Elizabeth Rodini


Gentile Bellini,  Portrait of Sultan Mehmet II , 1480. Public domain, via Wikimedia Commons.

Gentile Bellini, Portrait of Sultan Mehmet II, 1480. Public domain, via Wikimedia Commons.

Gentile Bellini’s Portrait of Mehmet II: Lives and Afterlives of an Iconic Painting

Sevgili Türk ziyaretçiler, lütfen bu anketi doldurmayı düşünün.Teşekkür ederim!                  

This book recounts the adventures of Gentile Bellini's portrait of Sultan Mehmet II, produced at the Ottoman court, Istanbul in 1480  and hanging today in London.  In the intervening years, the portrait got caught up in some key cultural moments: in the activities of the British archaeologist and Orientalist Austen Henry Layard (excavator of Nineveh in Iraq) who purchased the picture in 1865; in early attempts to define national patrimony in Italy; and in a legal debate over the definition of a "portrait" in England. It influenced the Ottoman search for reliable historical imagery in the sixteenth century, and returned triumphant to Istanbul in 1999 in a moment when Turkey was petitioning for membership in the European Union.  It is both a renowned picture and a reviled one, an iconic image that has also been marginalized for its poor condition and imperfect provenance.

As indicated in my subtitle, Lives and Afterlives, the book is an object biography, telling the story of Gentile Bellini’s painting while using it as a lens to explore an array of historical and art historical topics, including authenticity, verisimilitude, ownership, cross-cultural exchange, and political identity.  It explores global connections, past and present, through a single but endlessly fascinating portrait.

The book is forthcoming from I.B. Tauris/Bloomsbury.

I also explore Gentile’s stay at the Ottoman court and the varied understandings of naturalism in “The Sultan’s True Face?  Gentile Bellini, Mehmet II, and the Value of Verisimilitude” in The Turk and Islam in the Western Eye, 1453­–­1750: Visual Imagery before Orientalim, ed. James Harper, Ashgate, 2011.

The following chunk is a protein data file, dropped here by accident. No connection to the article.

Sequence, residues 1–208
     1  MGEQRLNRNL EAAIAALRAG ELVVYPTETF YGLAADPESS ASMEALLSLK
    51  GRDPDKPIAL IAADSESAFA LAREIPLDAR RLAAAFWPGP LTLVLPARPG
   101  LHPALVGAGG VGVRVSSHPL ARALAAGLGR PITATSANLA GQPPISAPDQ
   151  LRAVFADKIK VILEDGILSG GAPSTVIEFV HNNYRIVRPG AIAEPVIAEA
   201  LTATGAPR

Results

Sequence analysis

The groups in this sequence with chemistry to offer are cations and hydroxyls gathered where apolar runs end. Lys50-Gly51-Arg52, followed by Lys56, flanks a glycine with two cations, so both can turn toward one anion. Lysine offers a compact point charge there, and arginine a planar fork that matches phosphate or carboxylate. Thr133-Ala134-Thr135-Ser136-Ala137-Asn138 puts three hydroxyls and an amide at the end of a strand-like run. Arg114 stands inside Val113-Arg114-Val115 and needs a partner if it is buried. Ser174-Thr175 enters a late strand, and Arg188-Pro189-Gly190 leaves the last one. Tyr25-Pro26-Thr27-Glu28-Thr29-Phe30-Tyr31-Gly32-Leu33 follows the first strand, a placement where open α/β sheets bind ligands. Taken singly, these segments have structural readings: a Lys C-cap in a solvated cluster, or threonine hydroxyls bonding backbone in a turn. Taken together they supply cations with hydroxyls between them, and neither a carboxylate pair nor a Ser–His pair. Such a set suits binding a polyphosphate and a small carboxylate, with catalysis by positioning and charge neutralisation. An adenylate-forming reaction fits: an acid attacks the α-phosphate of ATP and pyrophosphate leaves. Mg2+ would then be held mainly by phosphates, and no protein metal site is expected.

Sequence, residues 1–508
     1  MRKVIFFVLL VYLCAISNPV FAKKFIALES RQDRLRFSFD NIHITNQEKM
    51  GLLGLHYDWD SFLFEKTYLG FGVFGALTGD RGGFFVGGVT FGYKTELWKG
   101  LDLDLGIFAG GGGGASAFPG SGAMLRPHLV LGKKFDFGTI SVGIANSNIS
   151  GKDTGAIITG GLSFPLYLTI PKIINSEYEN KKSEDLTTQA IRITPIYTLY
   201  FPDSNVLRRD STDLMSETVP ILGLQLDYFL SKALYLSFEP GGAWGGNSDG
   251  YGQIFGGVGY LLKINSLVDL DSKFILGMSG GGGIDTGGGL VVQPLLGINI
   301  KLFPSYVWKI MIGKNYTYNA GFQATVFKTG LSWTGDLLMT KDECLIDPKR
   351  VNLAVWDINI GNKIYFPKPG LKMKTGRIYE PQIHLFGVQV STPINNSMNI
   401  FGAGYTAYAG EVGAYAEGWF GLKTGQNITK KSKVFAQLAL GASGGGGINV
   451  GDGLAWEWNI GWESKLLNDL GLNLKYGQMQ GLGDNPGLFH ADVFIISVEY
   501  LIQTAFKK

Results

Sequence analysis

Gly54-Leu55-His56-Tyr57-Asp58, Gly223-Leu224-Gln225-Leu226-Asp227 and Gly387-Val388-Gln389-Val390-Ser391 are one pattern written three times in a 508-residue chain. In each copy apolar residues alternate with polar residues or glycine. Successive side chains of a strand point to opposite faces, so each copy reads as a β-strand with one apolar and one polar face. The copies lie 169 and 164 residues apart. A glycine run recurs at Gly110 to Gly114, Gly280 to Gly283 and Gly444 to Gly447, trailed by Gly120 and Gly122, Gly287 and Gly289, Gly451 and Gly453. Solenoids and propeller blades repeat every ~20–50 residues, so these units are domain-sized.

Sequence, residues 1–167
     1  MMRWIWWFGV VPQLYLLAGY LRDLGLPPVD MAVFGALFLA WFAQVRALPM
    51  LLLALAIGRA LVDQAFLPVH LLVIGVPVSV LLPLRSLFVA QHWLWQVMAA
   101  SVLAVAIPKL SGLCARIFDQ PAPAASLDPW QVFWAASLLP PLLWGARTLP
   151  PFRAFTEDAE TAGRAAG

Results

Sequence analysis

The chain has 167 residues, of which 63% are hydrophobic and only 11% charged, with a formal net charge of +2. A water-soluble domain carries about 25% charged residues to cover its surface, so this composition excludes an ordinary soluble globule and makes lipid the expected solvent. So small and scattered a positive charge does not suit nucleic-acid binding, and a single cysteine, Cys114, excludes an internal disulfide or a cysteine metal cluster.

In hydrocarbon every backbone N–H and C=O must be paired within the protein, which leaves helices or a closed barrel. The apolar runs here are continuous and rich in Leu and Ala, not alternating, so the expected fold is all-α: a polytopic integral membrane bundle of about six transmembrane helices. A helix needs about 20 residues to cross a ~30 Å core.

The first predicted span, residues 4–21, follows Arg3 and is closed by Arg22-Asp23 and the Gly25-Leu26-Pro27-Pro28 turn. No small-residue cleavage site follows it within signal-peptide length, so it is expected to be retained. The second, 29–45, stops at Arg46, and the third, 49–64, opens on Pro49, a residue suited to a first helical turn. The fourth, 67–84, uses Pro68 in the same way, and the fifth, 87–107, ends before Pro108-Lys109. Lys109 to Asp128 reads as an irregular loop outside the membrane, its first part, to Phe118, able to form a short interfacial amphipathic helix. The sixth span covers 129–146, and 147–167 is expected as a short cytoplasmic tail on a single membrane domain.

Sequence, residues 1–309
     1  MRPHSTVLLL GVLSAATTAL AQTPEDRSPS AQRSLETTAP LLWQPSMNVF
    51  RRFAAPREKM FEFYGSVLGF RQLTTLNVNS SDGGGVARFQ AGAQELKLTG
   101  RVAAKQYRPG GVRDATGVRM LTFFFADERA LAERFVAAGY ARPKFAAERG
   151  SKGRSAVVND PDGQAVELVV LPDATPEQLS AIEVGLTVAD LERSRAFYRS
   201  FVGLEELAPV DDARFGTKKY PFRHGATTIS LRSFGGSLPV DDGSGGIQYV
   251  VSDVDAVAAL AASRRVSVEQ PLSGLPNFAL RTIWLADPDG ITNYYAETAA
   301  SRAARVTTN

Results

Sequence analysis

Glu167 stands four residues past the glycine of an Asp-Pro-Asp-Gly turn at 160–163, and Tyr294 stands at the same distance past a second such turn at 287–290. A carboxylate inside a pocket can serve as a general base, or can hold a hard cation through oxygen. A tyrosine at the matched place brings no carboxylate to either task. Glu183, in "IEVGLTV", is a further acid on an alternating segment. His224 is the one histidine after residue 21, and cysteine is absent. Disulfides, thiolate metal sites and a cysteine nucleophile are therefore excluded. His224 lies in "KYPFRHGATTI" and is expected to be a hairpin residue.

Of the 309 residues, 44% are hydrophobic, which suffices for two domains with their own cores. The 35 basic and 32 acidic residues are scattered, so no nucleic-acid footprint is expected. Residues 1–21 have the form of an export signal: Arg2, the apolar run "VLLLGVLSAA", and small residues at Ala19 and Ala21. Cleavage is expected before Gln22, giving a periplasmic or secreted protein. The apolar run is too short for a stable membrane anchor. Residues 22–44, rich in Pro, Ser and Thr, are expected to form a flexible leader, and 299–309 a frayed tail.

The  "Rubens Vase' , Walters Art Museum, Baltimore, Creative Commons License

The "Rubens Vase', Walters Art Museum, Baltimore, Creative Commons License

Mobile Things

I am interested in the mobility of objects and their shifting meanings as they circle the globe. What stories do they tell? How do their meanings and values change? And how can museums better communicate these layered histories?

My most recent work in this area was supported by the Bard Graduate Center in New York City, where I was a Visiting Fellow in the spring of 2018. There I investigated strategies for re-activating once peripatetic collection objects, attending to objects that spanned the Mediterranean, literally or conceptually, in the early modern period.

A related project, carried out in the collection of the Walters Art Museum through a 2009 course a Johns Hopkins University, resulted in an on-line tour of select Walters' objects, titled Art on the Move. I discuss this project in more detail in the Archive Journal; it has also been featured by the  Alliance for the Arts in Research Universities.

My recent article in Art History investigates historical attitudes toward mobility in the context of sixteenth-century Venice, with particular attention to objects imported from the eastern Mediterranean. 

The  Herring Run Archaeology Project  in Baltimore, led by Lisa Kraus and Jason Shellenhamer, 2016.

The Herring Run Archaeology Project in Baltimore, led by Lisa Kraus and Jason Shellenhamer, 2016.

Sustainable Heritage

The protection and preservation of cultural heritage is very much in the news, as we watch thousands of years of human history eroded and destroyed by acts of war and terrorism, by natural and human-caused environmental stress, and by the impact of globalization.

But "preservation" is complicated. Who decides what gets preserved and how? How should the benefits of modern life be balanced with the desire to preserve the past? What are the best ways to share the benefits that come from preservation and to distribute the costs and risks, or to balance local concerns with global ones?

As I begin a new professional adventure in Rome, I will be focusing on how this intricately layered city and the regions around it are addressing such questions, and how attitudes and approaches are or might be reshaped by immigration, gentrification, and the various pressures that face modern communities living on historically rich terrain.